Antrim Grange launches effort to restore its hall

  • The Antrim Grange is in need of repair work. Staff photo by Abby Kessler

Monadnock Ledger-Transcript
Monday, July 24, 2017 6:22PM

From outside of the Antrim Grange, the building looks sound, a simple puritan-like structure placed on a small lot along Clinton Road.

But walk around the building once and it’s clear the structure, which was built in the early 1800s, needs a lot of work. Certain parts of the rock foundation are missing, which has left gaping, dark holes, and if you stand at a certain angle at one end of the building the walls undulate in and out. The roof also needs to be repaired, and most likely, replaced.

And that’s just a smattering of work that needs to be done. Inside, the walls are cracking, parts of the roof need to be patched, the ceiling needs to be replaced, the windows need work, and an upstairs kitchen needs to be redone. Running water, plumbing, rewiring of electricity, and parking would be nice, too, said Renee Mercier-Gerritsen, who is a longtime Antrim Grange member.

“We’ve never asked for help,” Mercier-Gerritsen said. “We’ve done little patch work over the years but it’s beyond that now, and we need help.”

Mercier-Gerritsen said they recently launched the effort to restore the building, and already the project has grown larger than the members originally anticipated.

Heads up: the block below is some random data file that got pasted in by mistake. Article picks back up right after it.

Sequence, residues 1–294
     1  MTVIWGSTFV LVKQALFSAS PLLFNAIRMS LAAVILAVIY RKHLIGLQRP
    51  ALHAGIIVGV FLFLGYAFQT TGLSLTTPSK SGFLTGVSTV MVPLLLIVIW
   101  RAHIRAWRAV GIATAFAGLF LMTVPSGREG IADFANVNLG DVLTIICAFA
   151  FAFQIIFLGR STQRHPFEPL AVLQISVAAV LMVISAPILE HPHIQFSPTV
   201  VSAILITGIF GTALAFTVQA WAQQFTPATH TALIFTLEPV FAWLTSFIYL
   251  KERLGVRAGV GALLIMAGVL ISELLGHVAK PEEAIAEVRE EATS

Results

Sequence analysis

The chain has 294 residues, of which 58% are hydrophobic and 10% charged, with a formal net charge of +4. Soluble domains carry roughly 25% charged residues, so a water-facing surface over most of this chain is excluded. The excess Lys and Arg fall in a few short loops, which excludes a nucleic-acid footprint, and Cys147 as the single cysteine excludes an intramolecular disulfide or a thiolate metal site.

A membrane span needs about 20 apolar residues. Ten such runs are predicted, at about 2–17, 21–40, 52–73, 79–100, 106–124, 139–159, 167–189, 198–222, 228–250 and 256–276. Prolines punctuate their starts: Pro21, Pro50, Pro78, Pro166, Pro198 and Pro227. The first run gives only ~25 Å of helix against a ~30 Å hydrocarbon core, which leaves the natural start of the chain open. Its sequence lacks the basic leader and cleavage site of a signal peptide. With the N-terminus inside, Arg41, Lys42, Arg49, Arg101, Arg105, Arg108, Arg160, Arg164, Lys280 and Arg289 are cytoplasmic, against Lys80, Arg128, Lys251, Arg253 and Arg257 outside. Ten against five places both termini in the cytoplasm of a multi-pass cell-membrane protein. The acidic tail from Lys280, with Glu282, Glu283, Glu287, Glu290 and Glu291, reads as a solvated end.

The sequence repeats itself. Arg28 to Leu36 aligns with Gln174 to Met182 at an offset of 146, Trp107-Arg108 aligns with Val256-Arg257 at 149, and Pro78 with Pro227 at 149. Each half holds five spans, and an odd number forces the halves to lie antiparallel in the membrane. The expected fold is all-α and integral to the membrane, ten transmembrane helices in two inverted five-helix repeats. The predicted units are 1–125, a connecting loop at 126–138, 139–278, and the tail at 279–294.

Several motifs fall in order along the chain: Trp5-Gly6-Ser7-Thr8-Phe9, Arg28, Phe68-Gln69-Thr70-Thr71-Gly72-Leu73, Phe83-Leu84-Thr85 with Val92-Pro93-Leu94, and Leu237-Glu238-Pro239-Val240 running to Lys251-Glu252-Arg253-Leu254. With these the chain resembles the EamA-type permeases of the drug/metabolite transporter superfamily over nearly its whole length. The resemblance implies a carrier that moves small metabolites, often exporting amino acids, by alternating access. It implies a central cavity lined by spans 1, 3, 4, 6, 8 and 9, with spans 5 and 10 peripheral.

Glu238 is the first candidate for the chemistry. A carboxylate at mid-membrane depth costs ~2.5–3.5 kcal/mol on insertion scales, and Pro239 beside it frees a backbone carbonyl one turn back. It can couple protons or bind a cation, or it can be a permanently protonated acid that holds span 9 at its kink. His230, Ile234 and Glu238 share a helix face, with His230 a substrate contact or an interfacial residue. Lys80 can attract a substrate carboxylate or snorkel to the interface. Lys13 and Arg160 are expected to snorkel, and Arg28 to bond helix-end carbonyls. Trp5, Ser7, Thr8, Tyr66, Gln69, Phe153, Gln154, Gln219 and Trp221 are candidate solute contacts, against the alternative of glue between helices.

“We were thinking OK, foundation, roof, a little bit of inside work,” she said.

Then someone from the New Hampshire Preservation Society came to tour the building, and the to-do list grew.

“He (a person with the N.H. Preservation Alliance) was like, ‘Oh no.’ He’s like, ‘you need a whole lot more than that,’” she said.

Mercier-Gerritsen said the group was thinking repairs would cost somewhere in the neighborhood of $35,000, but it’s looking more like $100,000 to $200,000 right now.

For a group of about 30 members, about 10 of which are active, it’s a lot of money to come up with. 

The group has launched a GoFundMe page with the goal of raising $35,000, and is planning to print out flyers to send to local businesses in hopes of gaining some financial support. Mercier-Gerritsen said the building was recently listed on the historic registry, which means the group can also start applying for grants, most notably from the N.H. Land and Community Heritage Investment Program, or LCHIP, which could help cover burgeoning costs.

“We’re looking for anything at this point, we’re looking for money, we’re looking for support, we’re looking for supplies, we’re looking for anything,” she said.

The decline of grange halls

Despite the structural challenges it’s facing, Antrim is the only active grange in the 16 towns that the Ledger-Transcript covers. There is a group that also meets in New Boston.

At one time, the region was dotted with granges, the halls acting as community spaces aimed at agriculture, education, and recreation. In an article about the former Wilton Grange, which was published in 1975, the author wrote that members engaged in discussions about various food products that could be purchased in bulk at a discount. Grange members also purchased fertilizers and seeds at discounted prices, according to the article.

State Grange Historian Richard Patten said in its heyday, there were about 75,000 members and 350 chapters in New Hampshire alone.